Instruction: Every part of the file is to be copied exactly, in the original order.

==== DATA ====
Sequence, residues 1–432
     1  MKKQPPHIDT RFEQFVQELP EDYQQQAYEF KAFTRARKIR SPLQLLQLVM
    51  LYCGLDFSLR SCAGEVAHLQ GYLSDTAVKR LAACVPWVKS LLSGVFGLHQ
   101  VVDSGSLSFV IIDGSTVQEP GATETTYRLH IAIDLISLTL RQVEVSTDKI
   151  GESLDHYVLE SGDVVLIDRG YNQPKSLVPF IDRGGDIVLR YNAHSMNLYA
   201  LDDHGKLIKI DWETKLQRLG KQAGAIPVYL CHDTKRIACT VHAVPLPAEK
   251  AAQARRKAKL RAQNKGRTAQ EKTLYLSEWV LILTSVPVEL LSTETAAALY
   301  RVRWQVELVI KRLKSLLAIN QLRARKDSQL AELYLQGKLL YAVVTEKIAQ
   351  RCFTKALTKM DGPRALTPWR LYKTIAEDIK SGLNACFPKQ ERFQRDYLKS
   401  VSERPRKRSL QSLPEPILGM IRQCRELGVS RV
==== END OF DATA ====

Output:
Sequence, residues 1–432
     1  MKKQPPHIDT RFEQFVQELP EDYQQQAYEF KAFTRARKIR SPLQLLQLVM
    51  LYCGLDFSLR SCAGEVAHLQ GYLSDTAVKR LAACVPWVKS LLSGVFGLHQ
   101  VVDSGSLSFV IIDGSTVQEP GATETTYRLH IAIDLISLTL RQVEVSTDKI
   151  GESLDHYVLE SGDVVLIDRG YNQPKSLVPF IDRGGDIVLR YNAHSMNLYA
   201  LDDHGKLIKI DWETKLQRLG KQAGAIPVYL CHDTKRIACT VHAVPLPAEK
   251  AAQARRKAKL RAQNKGRTAQ EKTLYLSEWV LILTSVPVEL LSTETAAALY
   301  RVRWQVELVI KRLKSLLAIN QLRARKDSQL AELYLQGKLL YAVVTEKIAQ
   351  RCFTKALTKM DGPRALTPWR LYKTIAEDIK SGLNACFPKQ ERFQRDYLKS
   401  VSERPRKRSL QSLPEPILGM IRQCRELGVS RV